Countless San Francisco commuters have probably taken a few moments to ponder this simple statement, which has been posted near the operator’s station of every Muni bus and streetcar since the early 1960s. The message is simultaneously friendly and forbidding, inviting yet indifferent, personable yet coldly professional.
And now, it takes on special meaning, since many health officials recommend you minimize your talking in public proximity to others. What could be better than this?
Today is Giving Tuesday, a day promoted around the world to focus people’s attention on the needs of many kinds addressed by nonprofits. We at Market Street Railway know full well, especially right now, that there are urgent needs everywhere. We hope you’ll be able to spare a little something for charities in San Francisco, or wherever you’re reading this, that are helping with the Covid-19 pandemic or other human needs.
We do want to let you know that Covid-19 is hurting our nonprofit in a big way as well. Our San Francisco Railway Museum has been closed for almost two months, and when it does reopen, we expect far fewer gift shop sales from reduced and social distanced visitation. More importantly for San Francisco, there is no date set yet to return the F-line and E-line vintage streetcars to service (Car 1015, shown above, has just returned from a complete rebuilding to better-than-new-in-1948 condition and is being tested on the empty tracks right now to be ready to carry passengers when it’s time). Nor is there a date for returning the National Historic Landmark cable cars to service.
We are focusing our efforts on urging and helping Muni to bring these vehicles back to the streets, in passenger service, just as soon as it is safe for both operators and riders. They are symbols of San Francisco and will be symbols of our city’s recovery.
So, as you give to nonprofits on this Giving Tuesday (or any day for that matter), we hope you will consider donating at least $10 to Market Street Railway, to help the cause of the historic streetcars and cable cars. You can donate here.
We’ve got a whole range of new merchandise you can’t find anywhere else, because we designed it ourselves in support of our mission to preserve and celebrate historic transit in San Francisco.
We’ve got four new 11-ounce mugs featuring images from our Vintage Travel Series — original art we commissioned in the style of classic travel posters celebrating destinations along the historic streetcar and cable car lines.
And for a laugh, we’ve even made it possible for you to turn Muni off (or on!) whenever you like with this cool light switch cover, one of two we offer. (Thanks to Jeremy Whiteman for the great photo of car 1040 we used, including the Z-Zoo route.)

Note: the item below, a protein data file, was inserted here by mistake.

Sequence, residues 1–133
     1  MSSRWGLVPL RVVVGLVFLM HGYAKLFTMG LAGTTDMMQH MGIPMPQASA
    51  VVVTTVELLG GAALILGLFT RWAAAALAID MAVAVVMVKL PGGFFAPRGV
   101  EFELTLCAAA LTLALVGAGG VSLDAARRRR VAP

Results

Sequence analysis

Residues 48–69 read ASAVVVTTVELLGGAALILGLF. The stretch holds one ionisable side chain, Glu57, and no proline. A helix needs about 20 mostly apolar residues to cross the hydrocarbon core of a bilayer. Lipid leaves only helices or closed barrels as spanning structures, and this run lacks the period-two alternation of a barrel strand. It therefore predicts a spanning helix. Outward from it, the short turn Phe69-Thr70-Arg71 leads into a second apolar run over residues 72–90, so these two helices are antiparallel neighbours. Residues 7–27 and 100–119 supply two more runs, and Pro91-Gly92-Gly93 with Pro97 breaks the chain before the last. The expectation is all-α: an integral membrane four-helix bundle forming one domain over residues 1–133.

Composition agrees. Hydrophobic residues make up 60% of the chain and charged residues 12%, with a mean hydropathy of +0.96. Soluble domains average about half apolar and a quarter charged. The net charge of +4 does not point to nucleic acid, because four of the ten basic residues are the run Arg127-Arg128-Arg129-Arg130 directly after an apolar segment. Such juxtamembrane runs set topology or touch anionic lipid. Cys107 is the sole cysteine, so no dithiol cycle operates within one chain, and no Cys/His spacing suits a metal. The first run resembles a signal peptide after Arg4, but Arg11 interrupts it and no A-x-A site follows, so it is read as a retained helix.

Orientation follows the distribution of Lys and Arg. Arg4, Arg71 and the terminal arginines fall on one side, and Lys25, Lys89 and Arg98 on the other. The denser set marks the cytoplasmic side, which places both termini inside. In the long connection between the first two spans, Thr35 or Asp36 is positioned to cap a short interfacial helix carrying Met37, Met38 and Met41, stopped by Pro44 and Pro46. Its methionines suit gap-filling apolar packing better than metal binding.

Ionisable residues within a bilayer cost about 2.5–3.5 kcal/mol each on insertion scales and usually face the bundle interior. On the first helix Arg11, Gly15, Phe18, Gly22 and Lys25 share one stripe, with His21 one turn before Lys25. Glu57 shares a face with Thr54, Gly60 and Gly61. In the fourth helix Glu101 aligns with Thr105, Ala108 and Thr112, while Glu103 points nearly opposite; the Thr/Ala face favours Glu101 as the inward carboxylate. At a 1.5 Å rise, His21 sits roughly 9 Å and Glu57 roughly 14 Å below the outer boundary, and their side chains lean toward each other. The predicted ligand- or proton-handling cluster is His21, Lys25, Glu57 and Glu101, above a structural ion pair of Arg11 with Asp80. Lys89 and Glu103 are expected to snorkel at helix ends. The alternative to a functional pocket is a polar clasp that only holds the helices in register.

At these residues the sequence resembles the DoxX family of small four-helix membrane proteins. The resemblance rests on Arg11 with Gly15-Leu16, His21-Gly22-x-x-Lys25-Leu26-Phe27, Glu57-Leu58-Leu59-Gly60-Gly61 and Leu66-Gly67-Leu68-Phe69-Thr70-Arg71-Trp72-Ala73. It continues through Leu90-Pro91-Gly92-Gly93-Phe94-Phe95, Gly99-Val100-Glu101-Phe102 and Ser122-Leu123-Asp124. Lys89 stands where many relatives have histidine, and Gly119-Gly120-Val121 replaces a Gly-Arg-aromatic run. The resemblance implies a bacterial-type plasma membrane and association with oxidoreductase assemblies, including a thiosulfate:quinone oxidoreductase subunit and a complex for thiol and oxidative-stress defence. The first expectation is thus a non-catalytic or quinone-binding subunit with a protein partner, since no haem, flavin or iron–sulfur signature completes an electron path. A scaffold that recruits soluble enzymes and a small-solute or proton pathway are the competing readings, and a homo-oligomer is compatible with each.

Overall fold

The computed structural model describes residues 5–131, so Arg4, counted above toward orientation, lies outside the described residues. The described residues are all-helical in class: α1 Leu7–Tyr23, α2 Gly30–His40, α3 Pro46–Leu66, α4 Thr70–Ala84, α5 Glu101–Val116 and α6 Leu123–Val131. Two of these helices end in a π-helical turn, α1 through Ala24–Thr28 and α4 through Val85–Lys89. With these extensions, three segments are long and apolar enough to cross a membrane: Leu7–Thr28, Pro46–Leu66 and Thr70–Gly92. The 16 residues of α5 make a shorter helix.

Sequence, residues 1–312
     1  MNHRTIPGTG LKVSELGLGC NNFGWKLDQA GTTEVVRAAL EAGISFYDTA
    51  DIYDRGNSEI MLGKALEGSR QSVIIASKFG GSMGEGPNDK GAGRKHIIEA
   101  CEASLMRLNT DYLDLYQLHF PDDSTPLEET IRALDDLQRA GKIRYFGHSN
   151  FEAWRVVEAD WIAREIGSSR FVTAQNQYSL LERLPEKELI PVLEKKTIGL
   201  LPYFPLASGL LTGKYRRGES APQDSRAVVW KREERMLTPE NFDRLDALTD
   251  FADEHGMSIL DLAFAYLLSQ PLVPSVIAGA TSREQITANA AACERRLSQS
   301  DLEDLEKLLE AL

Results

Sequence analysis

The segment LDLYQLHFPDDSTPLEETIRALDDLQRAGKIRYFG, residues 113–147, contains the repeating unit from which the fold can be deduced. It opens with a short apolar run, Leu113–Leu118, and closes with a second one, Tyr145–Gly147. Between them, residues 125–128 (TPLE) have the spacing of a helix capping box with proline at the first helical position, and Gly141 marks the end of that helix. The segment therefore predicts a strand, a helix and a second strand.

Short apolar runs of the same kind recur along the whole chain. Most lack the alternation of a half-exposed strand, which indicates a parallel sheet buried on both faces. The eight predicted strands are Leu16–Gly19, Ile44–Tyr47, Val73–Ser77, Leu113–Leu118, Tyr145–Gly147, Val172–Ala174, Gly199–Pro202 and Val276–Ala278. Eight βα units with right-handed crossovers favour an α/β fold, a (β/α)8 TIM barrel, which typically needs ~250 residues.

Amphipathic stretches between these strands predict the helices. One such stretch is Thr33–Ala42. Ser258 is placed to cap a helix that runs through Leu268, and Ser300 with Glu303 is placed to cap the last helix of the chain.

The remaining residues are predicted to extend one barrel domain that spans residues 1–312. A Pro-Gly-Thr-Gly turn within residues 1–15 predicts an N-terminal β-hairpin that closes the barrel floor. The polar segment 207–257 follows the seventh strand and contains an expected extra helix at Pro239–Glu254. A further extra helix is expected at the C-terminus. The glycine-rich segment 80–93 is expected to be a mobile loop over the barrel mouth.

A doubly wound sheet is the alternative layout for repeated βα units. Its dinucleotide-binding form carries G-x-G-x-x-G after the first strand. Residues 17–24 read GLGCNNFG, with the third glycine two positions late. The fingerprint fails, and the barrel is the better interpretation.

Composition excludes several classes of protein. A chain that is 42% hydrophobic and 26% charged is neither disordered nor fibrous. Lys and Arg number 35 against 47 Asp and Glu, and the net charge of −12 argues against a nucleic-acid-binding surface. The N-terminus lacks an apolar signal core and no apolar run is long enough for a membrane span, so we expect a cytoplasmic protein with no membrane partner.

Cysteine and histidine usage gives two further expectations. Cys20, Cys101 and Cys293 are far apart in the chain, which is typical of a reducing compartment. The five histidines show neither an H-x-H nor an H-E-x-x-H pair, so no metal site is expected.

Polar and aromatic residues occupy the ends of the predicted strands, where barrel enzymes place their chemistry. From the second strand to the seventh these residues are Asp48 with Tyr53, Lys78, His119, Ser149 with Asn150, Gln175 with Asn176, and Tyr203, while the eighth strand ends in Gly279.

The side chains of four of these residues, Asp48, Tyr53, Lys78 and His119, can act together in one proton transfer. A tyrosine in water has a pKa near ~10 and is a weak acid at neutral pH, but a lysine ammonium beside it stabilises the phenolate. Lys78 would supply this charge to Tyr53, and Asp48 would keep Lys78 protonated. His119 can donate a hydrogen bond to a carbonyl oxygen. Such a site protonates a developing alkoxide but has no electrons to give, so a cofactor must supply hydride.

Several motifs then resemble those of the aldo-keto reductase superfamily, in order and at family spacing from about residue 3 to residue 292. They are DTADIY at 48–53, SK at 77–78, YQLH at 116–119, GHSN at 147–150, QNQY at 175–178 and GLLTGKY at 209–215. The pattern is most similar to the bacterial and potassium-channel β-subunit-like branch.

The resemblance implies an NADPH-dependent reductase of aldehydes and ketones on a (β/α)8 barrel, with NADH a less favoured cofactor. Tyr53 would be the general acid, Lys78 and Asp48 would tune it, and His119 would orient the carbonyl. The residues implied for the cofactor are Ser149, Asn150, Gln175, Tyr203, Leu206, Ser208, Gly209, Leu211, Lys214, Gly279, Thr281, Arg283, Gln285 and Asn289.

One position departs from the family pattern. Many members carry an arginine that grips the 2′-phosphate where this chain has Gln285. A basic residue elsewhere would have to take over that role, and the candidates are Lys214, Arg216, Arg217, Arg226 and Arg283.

So either come on down to the Museum at 77 Steuart Street (Steuart Street F-line stop), across from the Ferry Building, between 10 am and 5 pm from Tuesday through Sunday (we’re closed Mondays), or click here to shop online. Move quickly if you want to shop online though. We are unable to offer overnight delivery options so be sure you place your order in time to get it for the holidays. And we do have a wider selection of merchandise at the Museum than we’re able to offer online.
Muni unveiled sleek new buses yesterday, both motor coaches and trolley coaches. Their press release was full of positive stuff, and rightly so. Transit chief John Haley deserves credit for pulling strings to get new vehicles ordered and here much faster than used to be the case.
But, as the Chronicle story pointed out, there’s something a little historic missing from the new vehicles:
“some of the familiar signs, replaced mostly with visual images. That includes the classic Muni message: ‘Information Gladly Given But Safety Requires Avoiding Unnecessary Conversation.’ Haley said it’s part of a campaign to eradicate negative and threatening messaging from buses.’ That’s not the environment we want to create,’ he said.”
Well, since our non-profit’s mission is “Preserving Historic Transit in San Francisco,” we figure we’ve got to do something. So we’re not only going to continue to offer our tee shirt bearing that ironic (and now, iconic as well) slogan in the traditional gray, we’ve now added stylish black. (Scroll down the linked webpage to reach the shirt.) Gray or black, starting at $16.95 (members get 10% off!)
There’s no better conversation starter than this shirt, and as Muni excises the slogan from its new vehicles, it’s even more important to own one, to keep the slogan alive!
As mentioned, you can get this great shirt with its endangered slogan online, or at our San Francisco Railway Museum, where we’re rolling out a new shirt featuring a Milan tram as well! (That’ll hit our online store in a few days.)
When our friend Todd Lappin (the guiding light behind the fabulous Bernalwood blog) suggested this shirt to us, he described the slogan as “simultaneously friendly and forbidding, inviting yet indifferent, personable yet coldly professional.” Sums it up pretty well.
Still, it’s not as cheerless as the slogan it replaced: “Do Not Talk To Operator.”
But probably the all-time Muni passenger warning sign was this one, that used to be on the step-down-to-open rear doors of Muni buses in the 1950s and 1960s.
Or, “Don’t squish your kids.” Now that’s threatening!